Japan is unique in its placement between Asia and the West, between the very old and the newest of the new. No Asian country has so aped the United States; no country in the world can boast more extant ancient traditions. And the power of both a long history and the mad swirl of modernity informs Japanese contemporary dance. It's marked by images of utter confusion, total resignation, and transcendent serenity, often masterfully incorporating non-Japanese techniques and transforming the traditional Japanese love of nature and harmony into something ultramodern. Butoh, the Dance of Darkness, stands out from the rest of Japanese dance for its assertiveness in a culture known for spiritual passivity, and for its fierce originality within an arts tradition often defined by refinement of borrowed forms and practices. However, an almost rabid hunger for the new can be found throughout the history of Japanese performance art. Shinpi No Bi ("Mysterious Beauty"), the festival being offered by the Dance Center of Columbia College, opens with Buto-Sha Tenkei ("Heavenly Birds in the Sky"), founded by members of Dai Rakuda Kan, Japan's most spectacular butoh group. Next is Uno Man, whose scheduled duet with 80-year-old dance pioneer Shigo-Miyako has the potential to illuminate traditions within traditions. Next month, March 6-8, features Kazuco Takemoto in a movement idiom embracing ballet and modern as well as Japanese forms. The festival closes with Eiko & Koma, March 13-16, a husband-and-wife team whose performances reveal a mystery and profundity unlike anything else in the dance world. At the Dance Center of Columbia College, 4730 N. Sheridan, Eiko & Koma at the Museum of Contemporary Art, 220 E. Chicago. See listings for times; call 773-989-3310 for tickets and information. --Joseph Houseal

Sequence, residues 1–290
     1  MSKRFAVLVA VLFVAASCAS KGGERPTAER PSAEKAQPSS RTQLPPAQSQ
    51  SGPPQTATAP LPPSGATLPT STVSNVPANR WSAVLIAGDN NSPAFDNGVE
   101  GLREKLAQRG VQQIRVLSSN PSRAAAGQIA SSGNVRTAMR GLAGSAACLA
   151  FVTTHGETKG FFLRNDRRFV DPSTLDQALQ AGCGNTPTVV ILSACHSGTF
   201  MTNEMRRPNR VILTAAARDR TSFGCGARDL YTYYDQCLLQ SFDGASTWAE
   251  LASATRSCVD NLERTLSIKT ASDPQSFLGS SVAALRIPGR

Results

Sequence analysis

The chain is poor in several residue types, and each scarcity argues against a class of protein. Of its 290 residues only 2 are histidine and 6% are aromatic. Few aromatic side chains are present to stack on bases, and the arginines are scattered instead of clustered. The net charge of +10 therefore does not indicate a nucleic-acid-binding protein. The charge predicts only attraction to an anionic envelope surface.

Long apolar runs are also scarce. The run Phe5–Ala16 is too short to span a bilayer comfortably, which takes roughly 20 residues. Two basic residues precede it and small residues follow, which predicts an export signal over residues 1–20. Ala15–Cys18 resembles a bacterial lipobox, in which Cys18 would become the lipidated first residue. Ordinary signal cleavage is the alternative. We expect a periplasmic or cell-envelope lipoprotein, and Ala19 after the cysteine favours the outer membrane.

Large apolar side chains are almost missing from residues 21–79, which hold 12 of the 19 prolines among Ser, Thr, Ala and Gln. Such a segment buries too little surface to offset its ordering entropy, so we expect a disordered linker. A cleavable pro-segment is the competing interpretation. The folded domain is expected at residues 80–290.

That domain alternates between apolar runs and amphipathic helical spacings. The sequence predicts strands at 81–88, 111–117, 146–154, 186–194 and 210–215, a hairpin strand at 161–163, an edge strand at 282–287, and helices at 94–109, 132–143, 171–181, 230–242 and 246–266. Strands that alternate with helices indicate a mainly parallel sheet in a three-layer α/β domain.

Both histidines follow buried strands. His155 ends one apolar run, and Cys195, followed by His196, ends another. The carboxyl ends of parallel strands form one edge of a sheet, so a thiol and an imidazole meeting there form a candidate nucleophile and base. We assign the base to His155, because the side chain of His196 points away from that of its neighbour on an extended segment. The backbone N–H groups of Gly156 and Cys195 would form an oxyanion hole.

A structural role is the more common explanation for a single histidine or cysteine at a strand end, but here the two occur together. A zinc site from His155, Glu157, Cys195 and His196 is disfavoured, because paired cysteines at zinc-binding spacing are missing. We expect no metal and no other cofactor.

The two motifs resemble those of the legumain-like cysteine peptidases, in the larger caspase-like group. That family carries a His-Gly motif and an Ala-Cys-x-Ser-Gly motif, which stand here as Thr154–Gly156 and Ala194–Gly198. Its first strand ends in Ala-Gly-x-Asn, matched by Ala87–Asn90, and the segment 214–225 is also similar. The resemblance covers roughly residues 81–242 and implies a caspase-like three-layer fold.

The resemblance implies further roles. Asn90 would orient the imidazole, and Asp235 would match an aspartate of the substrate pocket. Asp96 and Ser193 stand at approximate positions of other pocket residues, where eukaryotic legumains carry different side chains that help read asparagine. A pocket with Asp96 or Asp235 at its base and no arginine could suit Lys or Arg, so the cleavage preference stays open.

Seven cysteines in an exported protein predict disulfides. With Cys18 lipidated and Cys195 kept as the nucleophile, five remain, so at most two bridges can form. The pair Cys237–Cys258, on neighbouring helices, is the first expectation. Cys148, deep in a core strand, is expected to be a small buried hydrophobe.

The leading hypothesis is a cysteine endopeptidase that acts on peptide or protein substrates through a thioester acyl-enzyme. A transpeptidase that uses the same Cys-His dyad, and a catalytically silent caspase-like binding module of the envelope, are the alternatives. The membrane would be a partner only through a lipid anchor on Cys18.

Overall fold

Art accompanying story in printed newspaper (not available in this archive): Buto-Sha Tankei photo.